Labour Warn of Secondary Results Declining in Swindon

Local statistics presented to the Children’s Health, Social Care and Education Committee show Swindon’s GCSE results have significantly declined over the last three years.


In the last three years, Swindon’s average GCSE results have dropped from an average of 56% of Swindon students achieving 5 A*-C GCSE results (Including English & Maths) to 52% in the last school year. This has left Swindon in the bottom 25% of local authorities in England for GGSE performance. Swindon’s GCSE results for just 5 A*-C (not necessarily including English & Maths) has suffered an even greater fall from 76% to 61% in the last three years.


Key Stage 2  SATs results have also failed to keep up with national increases in KS2 assessment results across England with students at a Level 4 or above in reading declining by 2% from 91% to 89%.


The Swindon Labour Group’s Shadow Lead for Education, Councillor Carol Shelley, said: 


“Clearly the decline in good GCSE results is very worrying for Swindon and shows that the government’s education reforms haven’t been helpful in Swindon. Key Stage 2 SATs results are significantly better in Swindon compared to the national average than Key Stage 3 GCSE results, however even at Key Stage 2 we’ve seen a drop in results in reading.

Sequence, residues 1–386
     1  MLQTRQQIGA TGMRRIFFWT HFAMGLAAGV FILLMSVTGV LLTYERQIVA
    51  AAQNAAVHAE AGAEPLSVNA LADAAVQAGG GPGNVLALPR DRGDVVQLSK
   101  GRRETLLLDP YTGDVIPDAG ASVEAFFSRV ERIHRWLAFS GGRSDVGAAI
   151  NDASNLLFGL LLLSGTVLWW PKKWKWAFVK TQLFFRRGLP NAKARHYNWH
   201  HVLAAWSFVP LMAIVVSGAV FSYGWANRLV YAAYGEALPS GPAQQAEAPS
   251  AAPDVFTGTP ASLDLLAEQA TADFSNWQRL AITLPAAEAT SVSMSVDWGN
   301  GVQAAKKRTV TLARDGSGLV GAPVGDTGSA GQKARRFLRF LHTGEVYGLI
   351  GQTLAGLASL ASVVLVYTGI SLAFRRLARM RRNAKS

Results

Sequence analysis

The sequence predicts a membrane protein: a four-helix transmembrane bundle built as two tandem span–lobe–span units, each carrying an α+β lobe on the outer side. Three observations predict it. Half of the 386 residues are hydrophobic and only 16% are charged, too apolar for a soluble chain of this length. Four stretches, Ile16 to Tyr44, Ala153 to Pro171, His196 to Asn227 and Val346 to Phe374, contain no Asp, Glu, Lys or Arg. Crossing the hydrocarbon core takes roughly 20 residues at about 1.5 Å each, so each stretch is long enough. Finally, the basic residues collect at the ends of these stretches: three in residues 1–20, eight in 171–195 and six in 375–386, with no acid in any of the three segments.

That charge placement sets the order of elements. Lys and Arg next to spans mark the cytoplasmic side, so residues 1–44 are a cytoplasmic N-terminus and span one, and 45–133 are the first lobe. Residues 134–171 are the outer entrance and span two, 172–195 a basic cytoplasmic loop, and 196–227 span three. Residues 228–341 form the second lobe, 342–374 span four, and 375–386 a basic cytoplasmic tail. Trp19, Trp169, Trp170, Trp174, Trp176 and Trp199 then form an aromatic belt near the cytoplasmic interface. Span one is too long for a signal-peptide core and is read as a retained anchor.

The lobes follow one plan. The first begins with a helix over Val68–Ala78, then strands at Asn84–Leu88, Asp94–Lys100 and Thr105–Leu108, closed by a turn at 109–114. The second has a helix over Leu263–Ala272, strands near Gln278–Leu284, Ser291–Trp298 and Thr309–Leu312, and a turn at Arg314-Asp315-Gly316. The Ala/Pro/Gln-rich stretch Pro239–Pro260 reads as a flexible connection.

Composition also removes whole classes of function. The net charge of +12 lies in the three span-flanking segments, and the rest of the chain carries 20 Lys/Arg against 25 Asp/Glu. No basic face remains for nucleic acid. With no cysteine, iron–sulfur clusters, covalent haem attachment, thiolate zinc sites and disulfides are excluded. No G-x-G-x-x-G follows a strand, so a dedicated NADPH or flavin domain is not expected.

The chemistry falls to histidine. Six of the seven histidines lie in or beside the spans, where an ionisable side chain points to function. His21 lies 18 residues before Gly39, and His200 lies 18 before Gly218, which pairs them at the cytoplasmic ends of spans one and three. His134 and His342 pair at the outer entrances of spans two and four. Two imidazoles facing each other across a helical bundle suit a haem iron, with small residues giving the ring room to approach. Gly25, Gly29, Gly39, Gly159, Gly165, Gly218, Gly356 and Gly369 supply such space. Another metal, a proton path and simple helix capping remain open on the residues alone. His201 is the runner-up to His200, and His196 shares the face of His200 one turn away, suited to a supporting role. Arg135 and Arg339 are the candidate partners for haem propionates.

Given that so many of Swindon’s schools are now academies, which are not under the auspices of the local authority, Swindon’s MPs need to be challenging the Department for Education to get Swindon schools the necessary support to bring them back up to at least the national average. I haven’t heard them say they’ve been doing this so hopefully these results will spur them in to action.


What I’d like to see Swindon Council do is be an advocate for Swindon’s schools to get the resources they need from government to improve results. Again I have heard nothing from the Conservative administration on this and I’d like to see more done.


The worrying thing for me is that Swindon’s secondary schools are now having their budgets squeezed to such an extent that there will likely be teaching staff redundancies, just at the time when they need more assistance to improve their results.”